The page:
At last year’s Healthcare Information and Management Systems Society conference (HIMSS 2018), Mayo Clinic announced that it increased enrollment by 80% by using IBM’s Watson AI platform for breast cancer. Dr. Kyu Rhee, chief health officer at Watson Heath, further stated, “Watson for clinical trial matching understands key patient attributes and how to identify them in a variety of formats…to effectively evaluate a patient against the inclusion or exclusion criteria for a trial.” This is clearly a very specific example related to a very particular type of trial, using a commercial closed platform, and with no guarantee that the results can be repeated in other trials with different patient’s requirements and sample size restrictions. Yet, the idea that AI can be used to increase enrollment is very exciting. Enrollment has always been a challenge in clinical trials, and if AI is effective in making an impact there, it compels us to ask: where else can AI be used to improve clinical trials?
A related area of intense interest where AI might prove to be effective is in building virtual patients. At the recently concluded World Medical Innovation Forum in Boston, panelists agreed that while it may not be possible for clinical trials to go completely virtual with AI, but offered that advances in AI could replace some subset of patients with virtual modeling, saving both time and money. It must be mentioned here that in many cases we still do not understand how side effects are generated, and we don’t even always understand the mechanism of action in the primary effect. But it may still be possible for AI to allow companies to get drugs approved with less medical evidence in humans, supplementing this by collecting evidence when the drug is on the market, according to Joseph Scheeren, senior advisor for R&D at Bayer. Colin Hill, CEO and cofounder of GNS Healthcare, believes that the future is headed towards virtually simulating drugs down to the molecular level, and using randomized clinical trials to confirm results of virtual experiments.
Another area where AI is likely to replace humans in the near future is data cleanup. Data are messy, and finding meaning amongst the noise and chaos requires a lot of manpower and, consequentially, money. AI can help people clean and analyze data in a smart and automated way—potentially speeding up the clinical trials process. Just cleaning the data after a trial takes one-to-two months, but AI can do it in a day, said Joseph Scheeren, senior advisor for R&D at Bayer. While within a broader context, this example is obviously one that is narrowly defined and most probably related to a very specific clinical trial, but the fact remains that AI has already started showing promises to speeding up data cleanup by a significant factor.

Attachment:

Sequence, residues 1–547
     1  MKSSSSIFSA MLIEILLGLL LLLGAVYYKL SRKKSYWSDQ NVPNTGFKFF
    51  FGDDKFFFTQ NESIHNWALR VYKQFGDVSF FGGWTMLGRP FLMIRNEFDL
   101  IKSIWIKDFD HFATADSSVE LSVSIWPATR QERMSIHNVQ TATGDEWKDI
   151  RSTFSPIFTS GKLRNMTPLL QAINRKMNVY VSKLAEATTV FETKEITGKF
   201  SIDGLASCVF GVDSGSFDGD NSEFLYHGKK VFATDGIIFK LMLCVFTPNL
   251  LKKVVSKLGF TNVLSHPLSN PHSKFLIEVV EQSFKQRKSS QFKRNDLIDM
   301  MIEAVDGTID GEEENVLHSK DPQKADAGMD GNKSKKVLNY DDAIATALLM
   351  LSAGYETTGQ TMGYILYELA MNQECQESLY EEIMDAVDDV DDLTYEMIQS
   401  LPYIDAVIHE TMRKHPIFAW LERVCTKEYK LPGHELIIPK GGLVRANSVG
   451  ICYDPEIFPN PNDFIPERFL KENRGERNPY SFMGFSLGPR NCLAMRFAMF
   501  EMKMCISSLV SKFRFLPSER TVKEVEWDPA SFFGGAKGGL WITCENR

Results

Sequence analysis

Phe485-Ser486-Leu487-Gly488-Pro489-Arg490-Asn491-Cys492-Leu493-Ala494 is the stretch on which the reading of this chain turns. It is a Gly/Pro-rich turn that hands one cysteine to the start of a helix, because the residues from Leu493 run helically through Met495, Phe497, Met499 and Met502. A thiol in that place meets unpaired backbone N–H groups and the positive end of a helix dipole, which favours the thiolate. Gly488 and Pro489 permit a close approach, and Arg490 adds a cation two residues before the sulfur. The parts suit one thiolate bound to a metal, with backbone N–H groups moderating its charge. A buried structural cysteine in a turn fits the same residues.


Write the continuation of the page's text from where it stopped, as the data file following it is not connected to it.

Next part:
Keeping patients engaged is a huge problem for clinical trials. AI can help retain patients’ interests—allowing for real-time immersion and communication—supporting patient-centric trials. AI can be used to monitor and flag issues with patients’ treatment symptoms and managing medication intakes. Other technologies such as wearables can augment this by allowing patients to share information with researchers in real time, reducing or eliminating the need for patients to travel to sites, increasing patient adherence and compliance. AI can then process this huge real-time data and build intervention plans if a patient is at risk of dropping out of a trial. Reducing the frequency and length of clinical visits can lead to lower site costs and improvement in the quality of patient experience. It is also conceivable that once a model is established, it will be feasible to predict an individual participant’s or patient’s behavior without need for a large quantity of related data.
Disseminating outcomes of clinical trials is a big unresolved problem—a patchwork of confusion and wasted efforts—often leading to trials being repeated at huge costs to innovative companies trying to market their drugs or devices or treatments to patients who cannot wait. AI can help in this regard. King’s College London ran a machine learning project called Robot Reviewer, funded by the Medical Research Council (MRC) and others. The aim of this project was to develop a system that will automate bias assessment in systematic reviews. These syntheses will enable decision makers to consider the entirety of the relevant published evidence. The hope is that this will lead to a better overall meta-analysis for finding new drugs and treatments.
These are some of the exciting efforts in the AI realm that have the potential for streamlining the future of clinical trials. In the next segment of the blog post, we will explore some specific examples of these advancements and how they can be used to improve trial outcomes.